What You Need to Know About Credit Score Calculations

It's all about managing your creditI'm considering applying for a new credit card, which led me to study up on the fine print on credit card offers. But before I dive deeper into the credit pool, I wanted to know how an additional card would affect my credit score. That's why I called up Craig Watts, Public Affairs Director at FICO, the folks who provide the formulas for calculating credit scores (yes, the FICO score, considered to be the most accurate). Here's what I learned from our chat.

Credit score rules of thumb:

  • The primary time your credit score "matters" is when you make a request for more credit (such as applying for a credit card or a loan), or when you're entering into a contract for which your finances may be relevant (for example, when signing up for a cell phone plan or renting an apartment).

    Related: 4 Things Credit Card Offers Don't Disclose

  • Credit scores range from 300 to 850. If you're on the high end, you're considered an "excellent credit risk," i.e., a lender can make a reasonable expectation that you'll use a credit card responsibly or pay back a loan reliably. The low end is the opposite. Scores in the 600s put you in the "maybe/maybe not" category in a lender's eyes, depending on the type and the size of the credit line or loan you're requesting.

How a credit score is calculated:

The formula is complicated (and guarded like a state secret), but here's a rough outline:

  • 35% = How reliably you've paid back your debts. Make at least the minimum payment on time every month, and you're golden. Late payments (or nonpayment!) will ding this portion.

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  • 30% = How much you owe. This includes the sum of your loans plus your credit card balances. This can vary based on the time of month your credit is checked, even if you pay off your credit card in full every month. (If your credit score is checked before the bank reports your monthly payment, it will reflect a greater debt load.)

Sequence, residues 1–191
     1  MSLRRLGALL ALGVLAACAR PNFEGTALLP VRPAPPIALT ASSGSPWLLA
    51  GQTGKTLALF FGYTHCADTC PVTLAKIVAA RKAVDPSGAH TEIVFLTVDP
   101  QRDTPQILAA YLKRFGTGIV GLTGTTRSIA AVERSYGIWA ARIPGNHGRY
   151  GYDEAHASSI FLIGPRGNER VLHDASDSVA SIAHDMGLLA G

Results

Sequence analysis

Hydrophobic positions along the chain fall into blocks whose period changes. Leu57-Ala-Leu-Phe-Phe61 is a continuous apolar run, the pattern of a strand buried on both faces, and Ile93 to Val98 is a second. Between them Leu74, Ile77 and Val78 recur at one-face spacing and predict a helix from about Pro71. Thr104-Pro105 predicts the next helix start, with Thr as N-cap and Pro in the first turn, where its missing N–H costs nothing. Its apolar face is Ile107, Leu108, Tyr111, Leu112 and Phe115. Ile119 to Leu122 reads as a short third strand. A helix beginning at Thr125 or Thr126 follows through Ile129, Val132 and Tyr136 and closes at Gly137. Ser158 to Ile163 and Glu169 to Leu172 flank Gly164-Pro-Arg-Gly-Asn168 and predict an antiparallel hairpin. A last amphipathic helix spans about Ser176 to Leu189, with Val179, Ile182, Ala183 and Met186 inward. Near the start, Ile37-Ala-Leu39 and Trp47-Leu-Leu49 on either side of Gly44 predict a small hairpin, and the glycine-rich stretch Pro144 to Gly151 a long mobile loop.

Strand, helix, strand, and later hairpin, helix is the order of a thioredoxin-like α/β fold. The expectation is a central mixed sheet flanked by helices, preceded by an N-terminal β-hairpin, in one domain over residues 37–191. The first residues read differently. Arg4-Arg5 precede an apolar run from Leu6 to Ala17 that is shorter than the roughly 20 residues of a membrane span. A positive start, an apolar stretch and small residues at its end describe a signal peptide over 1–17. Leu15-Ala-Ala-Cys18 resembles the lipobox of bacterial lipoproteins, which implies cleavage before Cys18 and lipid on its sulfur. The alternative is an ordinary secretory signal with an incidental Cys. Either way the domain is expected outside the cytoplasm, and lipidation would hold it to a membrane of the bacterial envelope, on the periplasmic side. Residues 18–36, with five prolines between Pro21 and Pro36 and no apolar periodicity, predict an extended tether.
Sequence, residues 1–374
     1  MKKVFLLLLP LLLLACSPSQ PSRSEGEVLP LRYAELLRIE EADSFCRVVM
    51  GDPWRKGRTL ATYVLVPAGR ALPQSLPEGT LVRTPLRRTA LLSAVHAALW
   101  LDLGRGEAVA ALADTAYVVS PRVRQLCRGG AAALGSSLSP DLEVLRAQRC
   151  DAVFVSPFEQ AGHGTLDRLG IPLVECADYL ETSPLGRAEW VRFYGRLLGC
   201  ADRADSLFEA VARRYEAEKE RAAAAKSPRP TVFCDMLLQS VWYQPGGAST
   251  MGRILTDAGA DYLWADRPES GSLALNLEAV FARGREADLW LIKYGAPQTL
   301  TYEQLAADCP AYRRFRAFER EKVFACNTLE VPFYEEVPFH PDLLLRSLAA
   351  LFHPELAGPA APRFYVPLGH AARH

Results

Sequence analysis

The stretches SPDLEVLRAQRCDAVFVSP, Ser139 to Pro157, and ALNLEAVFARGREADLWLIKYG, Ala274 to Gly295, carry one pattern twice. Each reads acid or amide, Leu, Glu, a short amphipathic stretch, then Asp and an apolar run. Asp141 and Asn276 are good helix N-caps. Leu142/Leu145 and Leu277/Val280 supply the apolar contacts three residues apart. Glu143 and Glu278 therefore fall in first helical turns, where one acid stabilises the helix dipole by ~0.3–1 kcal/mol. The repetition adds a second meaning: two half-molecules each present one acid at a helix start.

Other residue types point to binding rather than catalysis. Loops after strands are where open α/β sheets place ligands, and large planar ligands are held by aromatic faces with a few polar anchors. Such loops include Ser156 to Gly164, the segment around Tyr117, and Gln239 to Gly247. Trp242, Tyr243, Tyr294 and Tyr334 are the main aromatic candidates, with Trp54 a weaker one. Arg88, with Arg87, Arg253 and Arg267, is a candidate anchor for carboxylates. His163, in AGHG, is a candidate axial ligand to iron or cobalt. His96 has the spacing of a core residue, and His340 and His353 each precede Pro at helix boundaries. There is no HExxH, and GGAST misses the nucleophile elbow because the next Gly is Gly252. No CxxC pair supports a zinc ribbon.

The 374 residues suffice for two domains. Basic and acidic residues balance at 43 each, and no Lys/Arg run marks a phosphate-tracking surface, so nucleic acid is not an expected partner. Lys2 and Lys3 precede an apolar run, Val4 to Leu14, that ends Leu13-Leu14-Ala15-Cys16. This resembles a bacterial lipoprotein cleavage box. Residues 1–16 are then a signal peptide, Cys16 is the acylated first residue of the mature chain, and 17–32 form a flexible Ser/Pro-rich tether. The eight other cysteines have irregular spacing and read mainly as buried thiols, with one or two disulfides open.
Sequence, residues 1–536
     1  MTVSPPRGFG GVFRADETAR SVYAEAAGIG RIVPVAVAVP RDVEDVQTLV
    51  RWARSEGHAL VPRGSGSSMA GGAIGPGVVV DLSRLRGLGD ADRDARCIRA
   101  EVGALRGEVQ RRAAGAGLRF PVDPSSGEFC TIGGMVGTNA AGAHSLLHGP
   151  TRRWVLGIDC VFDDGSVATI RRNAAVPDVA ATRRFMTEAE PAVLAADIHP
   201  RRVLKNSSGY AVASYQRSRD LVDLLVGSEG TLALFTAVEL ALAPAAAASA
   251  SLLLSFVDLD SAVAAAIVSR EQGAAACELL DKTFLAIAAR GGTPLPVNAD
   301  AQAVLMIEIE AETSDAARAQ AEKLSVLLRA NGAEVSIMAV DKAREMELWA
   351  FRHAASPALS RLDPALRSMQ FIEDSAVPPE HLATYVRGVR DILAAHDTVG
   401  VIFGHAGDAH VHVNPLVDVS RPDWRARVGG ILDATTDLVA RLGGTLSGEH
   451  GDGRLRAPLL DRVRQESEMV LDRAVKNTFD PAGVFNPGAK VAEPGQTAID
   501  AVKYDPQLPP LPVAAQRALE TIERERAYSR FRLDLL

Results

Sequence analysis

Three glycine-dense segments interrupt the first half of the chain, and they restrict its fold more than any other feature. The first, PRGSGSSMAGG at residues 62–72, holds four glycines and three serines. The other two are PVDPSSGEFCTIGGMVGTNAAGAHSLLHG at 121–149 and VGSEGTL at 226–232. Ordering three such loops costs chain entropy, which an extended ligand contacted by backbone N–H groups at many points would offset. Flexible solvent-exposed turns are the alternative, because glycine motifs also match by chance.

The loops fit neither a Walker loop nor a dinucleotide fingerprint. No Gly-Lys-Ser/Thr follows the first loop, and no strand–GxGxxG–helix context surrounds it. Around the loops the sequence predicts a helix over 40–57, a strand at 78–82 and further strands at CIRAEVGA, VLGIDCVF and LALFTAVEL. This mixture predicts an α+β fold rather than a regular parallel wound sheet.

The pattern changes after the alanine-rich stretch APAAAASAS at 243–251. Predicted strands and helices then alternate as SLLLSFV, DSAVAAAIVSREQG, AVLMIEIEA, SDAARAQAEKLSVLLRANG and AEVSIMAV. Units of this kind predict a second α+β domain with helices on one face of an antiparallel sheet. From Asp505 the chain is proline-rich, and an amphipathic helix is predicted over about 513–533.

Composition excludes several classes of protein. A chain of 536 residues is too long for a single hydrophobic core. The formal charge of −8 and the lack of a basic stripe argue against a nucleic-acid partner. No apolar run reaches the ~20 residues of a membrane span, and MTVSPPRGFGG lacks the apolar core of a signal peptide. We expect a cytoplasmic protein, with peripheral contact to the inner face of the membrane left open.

• 15% = How long you've been managing credit. By definition, this builds over time, but, contrary to credit folklore according to Watts: Even if you close a credit card, the history remains on your report for about another 10 years. By that point, you'll have built up your credit history in other ways.

    Related: The 4 Credit Card Rules You Need to Know

  • 10% = How recently or frequently you apply for new credit. Do it too often (by, say, signing up for every store card you're offered to get that initial discount), and this portion suffers.
  • 10% = Your mix of credit. Another one that largely changes with time, having a good variety (credit cards, store cards, mortgages, car loans) will up this portion. Just remember that your overall score relies more on how good you are at paying back all your debts!

For even more on what goes into it, take a look at FICO's extremely detailed explanation. And be sure to check out our tips for improving your credit score.

-by Amy Roberts

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